Tomorrow I’m heading in to a Collision Course between PR and marketing people and bloggers. I have the odd feeling that this will be the first time that some people in the PR world meet a real live blogger. Now some people thing that this is going to be a fight. Personally I think its going to be a repetition of common sense.

The event is being organised by Damien Mulley, a blogger turning in to game maker. After all, he’s giving away his marketing advice. All of it sensible, none of it shocking. Except for the shock of the “new”. It’s not rocket sience, its people.

You do know how to talk to people, right?

Sometimes I wonder. I’m interested in listening to the PR and marketing folk (know your enemy and all that). I’ve learned that badly done cold pitching is frequently badly done. E-mailing out all the information with a “oh, this is embargoed” tag at the end. Blindly following the “tags” in the contact database, rather than making their own in a targeted area (blame the list makers if you will).

PR and marketing is changing. Social media (and I’ll include blogging in this pile) is about conversation. Two way communication. Think about a journalist forming contacts in particular areas. A go-to gal on tech issues. An agony uncle on relationship issues. Making contacts who can help. Thats where PR is heading. Its going to be hard work, but bloggers aren’t scary most bloggers aren’t scary.

We will bite. But only when provoked.

take care,

Will Knott

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Right now, freezing at the keyboard in my geansai gorm, I should be making slides and a talk for Barcamp Cork II. The talk is a HCI look at Twitter and twitter applications and interfaces (but I’m enjoying the data mining of the survey too much). However I’ve noticed something from that data.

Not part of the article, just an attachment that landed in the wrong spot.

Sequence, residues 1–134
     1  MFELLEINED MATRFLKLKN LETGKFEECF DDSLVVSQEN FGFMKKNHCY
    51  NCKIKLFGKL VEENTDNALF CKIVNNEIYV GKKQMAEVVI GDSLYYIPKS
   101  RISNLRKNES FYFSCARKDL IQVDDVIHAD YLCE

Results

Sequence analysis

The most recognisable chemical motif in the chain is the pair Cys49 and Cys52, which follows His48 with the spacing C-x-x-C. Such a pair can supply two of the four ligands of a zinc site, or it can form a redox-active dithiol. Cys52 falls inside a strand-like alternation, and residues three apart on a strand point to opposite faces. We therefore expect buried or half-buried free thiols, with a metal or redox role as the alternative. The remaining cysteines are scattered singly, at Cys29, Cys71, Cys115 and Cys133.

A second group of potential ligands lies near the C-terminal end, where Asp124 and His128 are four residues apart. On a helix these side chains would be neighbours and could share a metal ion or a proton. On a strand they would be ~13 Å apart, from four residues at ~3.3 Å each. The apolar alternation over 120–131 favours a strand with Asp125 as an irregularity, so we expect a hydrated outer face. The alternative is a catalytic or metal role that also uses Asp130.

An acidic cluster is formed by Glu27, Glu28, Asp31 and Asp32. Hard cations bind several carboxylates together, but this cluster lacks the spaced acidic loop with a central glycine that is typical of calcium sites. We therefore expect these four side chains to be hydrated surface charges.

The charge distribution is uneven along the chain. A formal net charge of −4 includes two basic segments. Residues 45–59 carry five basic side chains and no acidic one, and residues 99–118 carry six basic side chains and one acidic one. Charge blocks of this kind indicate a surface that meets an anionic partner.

I’ve asked people why they use particular twitter applications and interfaces.  In the process of discovering that people don’t always answer the question you ask, I’ve collected a few stories about why they use twitter.

Some use twitter for marketing purposes. Social media monitoring either for themselves or for their clients.

Some use twitter, Jaiku or other micro-blogging tools for a quick response to questions.

But most people seem to use it to stay in contact with friends. With their Tribe.


Think about it. Are you a sports fan, or a fan of a particular team in a particular sport? No one is a fan of GAA but not a team, but they are a fan or their club and county (even when their club is in a different county).They can admire another team, but they are fanatics for their own. Their tribe.

A fairly lonely sport like cycling has a community? Cyclists look to each other. Sometimes look after each other on roads when they encounter each other. Even as strangers, as their bike identifies them as being of the same tribe. Help will be offered. Tips will be swapped. A spare tube will be ‘lent’.

Going to a Barcamp, an un-conference identifies you as being of a tribe. A technical minded, or technology loving tribe. A tribe identified by their laptops, mp3 recorders and gadgets. A tribe allied with web 2.0 and a love of problem solving. Help will be offered. Tips and urls will be swapped. A spare cable will be lent.